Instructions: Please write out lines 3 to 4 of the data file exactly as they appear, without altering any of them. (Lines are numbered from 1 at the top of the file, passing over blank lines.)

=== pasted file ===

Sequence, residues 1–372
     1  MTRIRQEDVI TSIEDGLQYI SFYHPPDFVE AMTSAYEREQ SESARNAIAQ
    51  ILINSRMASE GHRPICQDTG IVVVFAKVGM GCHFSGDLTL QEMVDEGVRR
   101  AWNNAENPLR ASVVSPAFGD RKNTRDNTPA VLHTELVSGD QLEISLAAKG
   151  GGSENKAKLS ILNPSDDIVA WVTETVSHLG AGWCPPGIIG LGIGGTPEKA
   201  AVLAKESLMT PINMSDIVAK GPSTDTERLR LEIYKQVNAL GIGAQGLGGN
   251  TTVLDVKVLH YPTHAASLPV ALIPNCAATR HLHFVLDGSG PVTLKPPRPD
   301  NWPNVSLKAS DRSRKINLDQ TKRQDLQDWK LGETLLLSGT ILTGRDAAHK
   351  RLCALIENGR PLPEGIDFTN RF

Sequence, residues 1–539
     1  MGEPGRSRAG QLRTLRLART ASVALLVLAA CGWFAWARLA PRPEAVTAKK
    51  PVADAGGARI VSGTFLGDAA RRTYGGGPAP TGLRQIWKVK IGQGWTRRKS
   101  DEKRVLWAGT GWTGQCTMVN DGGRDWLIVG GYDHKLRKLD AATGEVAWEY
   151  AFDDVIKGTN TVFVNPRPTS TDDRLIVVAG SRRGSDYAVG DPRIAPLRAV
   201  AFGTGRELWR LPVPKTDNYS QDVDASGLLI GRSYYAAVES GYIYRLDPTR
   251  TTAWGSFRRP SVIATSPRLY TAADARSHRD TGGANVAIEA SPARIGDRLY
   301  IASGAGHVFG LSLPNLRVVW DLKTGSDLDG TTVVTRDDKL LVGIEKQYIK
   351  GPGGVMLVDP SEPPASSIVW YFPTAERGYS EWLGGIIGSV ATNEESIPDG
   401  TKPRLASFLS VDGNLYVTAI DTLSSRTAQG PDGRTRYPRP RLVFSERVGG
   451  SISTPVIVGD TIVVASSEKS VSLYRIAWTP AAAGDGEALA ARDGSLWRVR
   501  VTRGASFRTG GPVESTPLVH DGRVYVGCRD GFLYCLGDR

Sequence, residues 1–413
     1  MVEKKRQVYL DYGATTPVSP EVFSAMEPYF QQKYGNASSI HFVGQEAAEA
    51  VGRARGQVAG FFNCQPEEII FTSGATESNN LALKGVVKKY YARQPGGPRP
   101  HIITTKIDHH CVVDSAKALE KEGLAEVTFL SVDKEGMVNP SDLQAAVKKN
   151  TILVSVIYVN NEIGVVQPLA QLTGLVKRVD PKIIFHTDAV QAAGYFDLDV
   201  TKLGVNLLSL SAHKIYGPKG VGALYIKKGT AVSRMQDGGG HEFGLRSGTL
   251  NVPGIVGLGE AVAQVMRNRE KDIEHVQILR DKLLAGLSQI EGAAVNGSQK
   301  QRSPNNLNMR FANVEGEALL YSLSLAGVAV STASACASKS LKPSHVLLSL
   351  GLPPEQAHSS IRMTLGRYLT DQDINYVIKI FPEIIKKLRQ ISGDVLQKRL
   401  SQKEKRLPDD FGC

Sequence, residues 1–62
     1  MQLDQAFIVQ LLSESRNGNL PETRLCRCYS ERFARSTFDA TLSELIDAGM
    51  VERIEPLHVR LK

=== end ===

    51  ILINSRMASE GHRPICQDTG IVVVFAKVGM GCHFSGDLTL QEMVDEGVRR
   101  AWNNAENPLR ASVVSPAFGD RKNTRDNTPA VLHTELVSGD QLEISLAAKG